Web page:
A new study, led by Dr. Sukho Song and conducted at the EPFL Laboratory for Soft Bioelectronic Interfaces of Prof. Stéphanie Lacour, has been published today in Science Robotics. The study highlights the promising potential of our soft technology for the development of minimally invasive and deployable neural interfaces.
Conventional electrode grids used to record from or stimulate the brain surface are implanted by performing a large craniotomy in the patient’s skull, drastically increasing the invasiveness of such procedures and decreasing acceptance rate of such surgeries by patients. With this new minimally invasive Brain-Computer Interface (BCI), only a small burr hole in the skull is required, through which the device can be deployed.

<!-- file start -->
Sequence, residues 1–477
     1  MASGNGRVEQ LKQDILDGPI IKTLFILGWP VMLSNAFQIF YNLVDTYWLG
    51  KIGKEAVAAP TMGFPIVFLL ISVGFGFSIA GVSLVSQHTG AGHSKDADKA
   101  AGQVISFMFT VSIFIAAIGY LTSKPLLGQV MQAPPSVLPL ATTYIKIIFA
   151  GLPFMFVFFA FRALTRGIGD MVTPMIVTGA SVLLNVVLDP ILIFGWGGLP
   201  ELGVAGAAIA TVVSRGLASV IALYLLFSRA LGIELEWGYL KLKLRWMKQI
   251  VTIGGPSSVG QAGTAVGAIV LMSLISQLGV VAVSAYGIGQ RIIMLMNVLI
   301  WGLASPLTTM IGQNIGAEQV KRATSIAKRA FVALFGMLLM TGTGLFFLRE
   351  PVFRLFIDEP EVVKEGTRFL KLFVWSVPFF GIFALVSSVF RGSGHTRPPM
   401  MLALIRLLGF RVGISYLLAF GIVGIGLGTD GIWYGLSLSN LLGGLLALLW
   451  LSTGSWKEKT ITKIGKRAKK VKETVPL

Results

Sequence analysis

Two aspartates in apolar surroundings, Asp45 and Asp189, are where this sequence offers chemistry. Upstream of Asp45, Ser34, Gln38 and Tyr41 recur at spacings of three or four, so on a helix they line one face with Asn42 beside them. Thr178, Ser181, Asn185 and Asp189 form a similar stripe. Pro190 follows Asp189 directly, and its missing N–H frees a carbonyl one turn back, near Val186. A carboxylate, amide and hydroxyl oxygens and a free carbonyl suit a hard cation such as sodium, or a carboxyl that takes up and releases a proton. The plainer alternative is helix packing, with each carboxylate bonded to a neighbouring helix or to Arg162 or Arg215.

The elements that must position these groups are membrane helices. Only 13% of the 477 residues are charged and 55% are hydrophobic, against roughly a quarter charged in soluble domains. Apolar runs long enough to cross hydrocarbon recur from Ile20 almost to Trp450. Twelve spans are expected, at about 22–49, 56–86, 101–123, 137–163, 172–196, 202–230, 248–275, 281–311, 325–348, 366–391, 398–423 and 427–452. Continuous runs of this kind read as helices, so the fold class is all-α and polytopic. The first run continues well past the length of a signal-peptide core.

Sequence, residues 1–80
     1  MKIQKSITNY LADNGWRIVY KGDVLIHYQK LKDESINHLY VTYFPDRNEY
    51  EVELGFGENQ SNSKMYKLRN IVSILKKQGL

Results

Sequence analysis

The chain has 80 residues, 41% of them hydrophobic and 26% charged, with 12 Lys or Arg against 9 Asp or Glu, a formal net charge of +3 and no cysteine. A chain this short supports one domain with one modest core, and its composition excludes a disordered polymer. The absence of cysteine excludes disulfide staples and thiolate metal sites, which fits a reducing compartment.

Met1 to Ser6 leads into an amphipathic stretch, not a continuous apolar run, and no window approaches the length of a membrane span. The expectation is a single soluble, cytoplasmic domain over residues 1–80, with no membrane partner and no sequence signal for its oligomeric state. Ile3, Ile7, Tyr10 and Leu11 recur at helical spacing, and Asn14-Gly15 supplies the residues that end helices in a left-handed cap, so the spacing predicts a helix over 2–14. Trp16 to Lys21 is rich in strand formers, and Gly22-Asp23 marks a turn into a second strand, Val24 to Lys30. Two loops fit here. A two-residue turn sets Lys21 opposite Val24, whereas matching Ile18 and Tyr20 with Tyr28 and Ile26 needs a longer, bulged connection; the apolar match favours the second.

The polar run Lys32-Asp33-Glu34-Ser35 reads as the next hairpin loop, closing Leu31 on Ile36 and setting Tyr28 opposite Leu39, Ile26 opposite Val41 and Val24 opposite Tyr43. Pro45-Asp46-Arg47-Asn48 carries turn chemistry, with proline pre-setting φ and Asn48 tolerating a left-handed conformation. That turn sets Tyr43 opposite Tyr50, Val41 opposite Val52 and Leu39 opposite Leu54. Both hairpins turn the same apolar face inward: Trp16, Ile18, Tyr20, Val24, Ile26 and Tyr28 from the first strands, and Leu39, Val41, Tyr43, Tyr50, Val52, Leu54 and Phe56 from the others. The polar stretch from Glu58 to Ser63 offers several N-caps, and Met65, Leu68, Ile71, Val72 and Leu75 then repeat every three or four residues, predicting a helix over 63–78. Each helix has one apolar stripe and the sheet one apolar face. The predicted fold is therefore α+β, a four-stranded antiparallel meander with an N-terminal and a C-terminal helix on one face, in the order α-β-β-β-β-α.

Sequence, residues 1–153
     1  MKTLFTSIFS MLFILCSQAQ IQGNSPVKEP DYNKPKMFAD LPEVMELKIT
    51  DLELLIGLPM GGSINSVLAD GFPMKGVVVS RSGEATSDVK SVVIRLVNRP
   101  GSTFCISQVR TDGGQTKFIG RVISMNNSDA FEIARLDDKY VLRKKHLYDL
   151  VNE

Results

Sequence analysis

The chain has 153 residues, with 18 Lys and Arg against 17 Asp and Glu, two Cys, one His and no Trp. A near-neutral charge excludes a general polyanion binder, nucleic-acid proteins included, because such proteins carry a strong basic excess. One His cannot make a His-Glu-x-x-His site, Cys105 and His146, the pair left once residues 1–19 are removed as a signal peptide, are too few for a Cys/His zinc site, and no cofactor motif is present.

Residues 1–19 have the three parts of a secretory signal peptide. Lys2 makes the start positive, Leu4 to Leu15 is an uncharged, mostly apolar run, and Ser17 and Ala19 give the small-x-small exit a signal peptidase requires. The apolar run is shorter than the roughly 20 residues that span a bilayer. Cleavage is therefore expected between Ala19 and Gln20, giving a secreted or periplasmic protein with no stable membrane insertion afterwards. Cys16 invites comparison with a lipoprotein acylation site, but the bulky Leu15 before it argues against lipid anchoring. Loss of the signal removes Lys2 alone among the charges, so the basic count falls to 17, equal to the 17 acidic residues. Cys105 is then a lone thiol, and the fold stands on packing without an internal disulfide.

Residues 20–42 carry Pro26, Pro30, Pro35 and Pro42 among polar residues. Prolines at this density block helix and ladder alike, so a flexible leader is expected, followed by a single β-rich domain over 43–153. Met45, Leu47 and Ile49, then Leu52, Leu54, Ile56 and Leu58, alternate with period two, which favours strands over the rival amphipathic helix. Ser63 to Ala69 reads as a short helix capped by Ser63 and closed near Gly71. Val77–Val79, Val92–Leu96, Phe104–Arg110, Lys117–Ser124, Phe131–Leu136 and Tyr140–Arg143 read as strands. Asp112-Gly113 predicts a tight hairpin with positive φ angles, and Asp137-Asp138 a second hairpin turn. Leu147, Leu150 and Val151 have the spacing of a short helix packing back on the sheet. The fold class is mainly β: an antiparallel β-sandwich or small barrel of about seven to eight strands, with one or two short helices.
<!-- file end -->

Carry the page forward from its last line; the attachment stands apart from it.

“This work underlines our efforts to leverage stretchable electrodes for minimally invasive BCIs” says Nicolas Vachicouras, CEO and Co-Founder of Neurosoft Bioelectronics, “A minimally invasive implant will increases adoption by clinicians and patients, and presents numerous benefits such as reduced surgical cost, reduced patient recovery time, and reduced infection risk“.
Neurosoft Bioelectronics was recently awarded a CHF 2.5M Swiss Accelerator Grant from Innosuisse to bring this innovation to market.